I think it’s the sea’s or ocean’s water receding from an island.

  21. Manish says:

    Aral District, Kyzylorda Province, Kazakhstan

  22. sanjoli jain says:

    I want say some archipelago, but that’s a broad term so I’ll go with the delta region in bay of Bengal.

  23. Lena says:

    Looks like sand and water

  24. Kerri Stewart says:

    Tidra, Mauritania

  25. Rosemary A Millham says:

    Hello There!
    Looks like part of the Mississippi River Delta system.

  26. Richard McEntee says:

    This appears to be an area along (or near to) the Syr Darya river alluvium where it enters the remnants of the Aral Sea.

  27. Renate says:

    Stromatolites in Shark Bay, Australia?

  28. Brandon Nellis says:

    Great Barrier Reef

  29. Suzi says:

    seasonal water in salt pan dunes desert, Australian Lake Eyre?

  30. Paul says:

    Are these flooded tailings from strip mining or dredging? Green is water, brown is the tailings.

  31. Patel says:

    You are looking at this picture it is anywhere on earth
    It is interesting because in this picture every part/dot (seems like ) a living creatures

  32. Lourdes says:

    Un archipiélago en alguna parte del mundo!

  33. Suresh Babu says:

    It’s an Aral.sea shrinking photo

  34. Afsane says:

    Hello,
    I think here is a place near the sea,or a beach with a tsunami phenomenon .
    It is very interesting.
    thank you.

  35. Scott says:

    Could it be the islands of SW Florida in everglades national park?

  36. Daniela fisi says:

    West australia?

  37. Derek Pickell says:

    Lake Carnegie in Western Australia. It’s an ephemeral lake so this must be after a rare period of rain.

  38. Susanna Suonpää says:

    Turkmenbashi Gulf on the Caspian Sea in Turkmenistan.

  39. Antonio Enrique Herrera Martinez says:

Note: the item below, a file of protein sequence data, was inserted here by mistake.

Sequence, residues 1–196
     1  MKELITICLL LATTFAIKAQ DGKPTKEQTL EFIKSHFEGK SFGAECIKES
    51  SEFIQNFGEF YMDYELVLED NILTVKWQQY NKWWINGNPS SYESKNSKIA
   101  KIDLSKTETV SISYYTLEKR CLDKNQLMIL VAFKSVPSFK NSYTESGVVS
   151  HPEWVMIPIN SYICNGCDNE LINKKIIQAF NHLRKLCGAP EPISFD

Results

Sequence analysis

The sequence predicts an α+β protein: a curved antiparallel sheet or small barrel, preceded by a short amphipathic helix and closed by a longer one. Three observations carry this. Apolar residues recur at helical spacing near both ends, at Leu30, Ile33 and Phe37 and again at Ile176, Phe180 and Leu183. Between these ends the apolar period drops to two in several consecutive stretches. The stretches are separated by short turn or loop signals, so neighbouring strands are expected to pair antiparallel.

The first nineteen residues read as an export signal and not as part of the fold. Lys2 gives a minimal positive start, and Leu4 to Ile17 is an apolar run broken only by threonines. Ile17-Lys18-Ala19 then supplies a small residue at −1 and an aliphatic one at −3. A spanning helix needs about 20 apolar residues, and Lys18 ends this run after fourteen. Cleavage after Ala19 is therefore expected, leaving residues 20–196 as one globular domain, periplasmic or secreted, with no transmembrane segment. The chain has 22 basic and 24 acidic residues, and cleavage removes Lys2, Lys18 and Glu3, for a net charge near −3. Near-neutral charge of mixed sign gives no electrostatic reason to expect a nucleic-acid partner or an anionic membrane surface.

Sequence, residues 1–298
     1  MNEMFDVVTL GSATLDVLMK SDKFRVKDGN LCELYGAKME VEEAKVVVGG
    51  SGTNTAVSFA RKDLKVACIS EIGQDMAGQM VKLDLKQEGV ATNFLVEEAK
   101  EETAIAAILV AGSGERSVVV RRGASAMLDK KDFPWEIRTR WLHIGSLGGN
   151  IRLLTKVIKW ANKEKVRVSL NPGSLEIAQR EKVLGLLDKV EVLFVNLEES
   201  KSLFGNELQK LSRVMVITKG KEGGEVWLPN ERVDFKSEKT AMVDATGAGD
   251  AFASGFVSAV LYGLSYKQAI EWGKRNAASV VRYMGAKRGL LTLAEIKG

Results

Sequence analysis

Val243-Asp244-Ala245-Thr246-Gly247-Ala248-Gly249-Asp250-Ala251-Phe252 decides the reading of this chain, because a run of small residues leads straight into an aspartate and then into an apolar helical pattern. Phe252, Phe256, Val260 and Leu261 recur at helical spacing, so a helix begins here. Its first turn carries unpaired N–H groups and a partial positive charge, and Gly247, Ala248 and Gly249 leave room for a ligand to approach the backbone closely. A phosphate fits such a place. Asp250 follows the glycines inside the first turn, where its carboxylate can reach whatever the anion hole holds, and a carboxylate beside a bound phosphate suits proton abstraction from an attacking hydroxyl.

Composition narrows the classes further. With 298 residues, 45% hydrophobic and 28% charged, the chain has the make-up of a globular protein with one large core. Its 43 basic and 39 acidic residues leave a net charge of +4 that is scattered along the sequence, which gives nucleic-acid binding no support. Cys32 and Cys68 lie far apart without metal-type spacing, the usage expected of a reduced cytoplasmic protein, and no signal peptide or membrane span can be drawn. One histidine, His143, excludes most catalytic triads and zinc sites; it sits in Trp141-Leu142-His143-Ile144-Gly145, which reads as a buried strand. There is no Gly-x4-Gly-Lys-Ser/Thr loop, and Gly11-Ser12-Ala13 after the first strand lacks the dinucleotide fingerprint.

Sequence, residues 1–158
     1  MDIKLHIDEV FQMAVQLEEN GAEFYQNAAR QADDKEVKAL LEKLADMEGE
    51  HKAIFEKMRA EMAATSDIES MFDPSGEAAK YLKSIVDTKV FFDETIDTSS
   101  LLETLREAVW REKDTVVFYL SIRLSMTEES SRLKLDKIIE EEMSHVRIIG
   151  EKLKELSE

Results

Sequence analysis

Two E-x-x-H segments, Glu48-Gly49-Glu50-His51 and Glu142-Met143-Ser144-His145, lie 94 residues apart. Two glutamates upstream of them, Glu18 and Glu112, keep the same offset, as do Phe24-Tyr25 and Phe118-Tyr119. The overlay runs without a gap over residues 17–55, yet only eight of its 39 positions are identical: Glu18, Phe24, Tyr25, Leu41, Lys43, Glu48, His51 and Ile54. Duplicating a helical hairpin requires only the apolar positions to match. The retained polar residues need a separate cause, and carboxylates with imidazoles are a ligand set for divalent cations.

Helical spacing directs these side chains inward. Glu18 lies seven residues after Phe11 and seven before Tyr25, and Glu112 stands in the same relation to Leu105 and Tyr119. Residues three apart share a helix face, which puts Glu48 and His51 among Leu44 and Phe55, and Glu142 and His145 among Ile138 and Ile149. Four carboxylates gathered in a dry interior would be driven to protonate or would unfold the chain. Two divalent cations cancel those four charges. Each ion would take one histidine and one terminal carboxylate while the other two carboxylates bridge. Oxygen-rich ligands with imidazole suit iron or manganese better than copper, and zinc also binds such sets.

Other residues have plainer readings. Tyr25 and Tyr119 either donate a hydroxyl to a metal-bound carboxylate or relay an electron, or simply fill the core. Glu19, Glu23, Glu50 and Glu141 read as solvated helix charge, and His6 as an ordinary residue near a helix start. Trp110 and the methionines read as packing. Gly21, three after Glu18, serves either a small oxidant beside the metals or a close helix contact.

I was studying for a while the picture….first thing, definitively is an archipielago…..seems like a deserted vegetation islands (of course, it may be that some wavelength was used that blocks vegetation)….I found several small archipelagos in the Red sea, Dahlac Marine national park, Farasan island….BUT…they were too small!….then look for the “world islands” in Dubai, definitively, the picture doesn’t look like man made islands (?! I maybe wrong, thought) and still is too small….things that call my attention, some of the islands have inner lakes…I started to look on river deltas, but their islands are way big, and this picture (with no scale of course!) seems made out of small islands, but bigger than the “world islands”…so, I went to the Everglades, as I remember there were areas that look like the picture…I found an area between Marco Island and Chokoloskee island, made out of “thousand islands”…then, the vegetation, is an issue if we don’t know what wavelength the picture was taken or combination of wavelengths…BUT, it maybe taken after a hurricane passed by that area, the vegetation normally suffers from it or a wavelength was used that do not show vegetation…well, hope is of any good the answer!!!, regards

  40. Krzysztof Wronski says:

    Caspian Sea dunes, east coast, Turkmenistan.

  41. Brooke P. says:

    The ephemeral beauty of Lake Carnegie in Western Australia

  42. Krzysztof Wronski says:

    Turkmenistan, Caspian sea east coast.

  43. Erik Jachode says:

    I believe this is in Costa Rica, near Buenas Aires. I came across something just like this on Google Earth recently. Now what exactly we’re looking at here, I have no idea!!

  44. James Bond says:

    THis is the microscopic image of Corona sample collected.

  45. Sander Clement says:

    lake Carnegie, Australia. Credit goes to Parisa Jahan on the Nasa Facebook Timeline.

  46. Krzysztof Wronski says:

    Brook P is right: Lake Carnegie

  47. Norma Moore says:

    The Pantanal in South America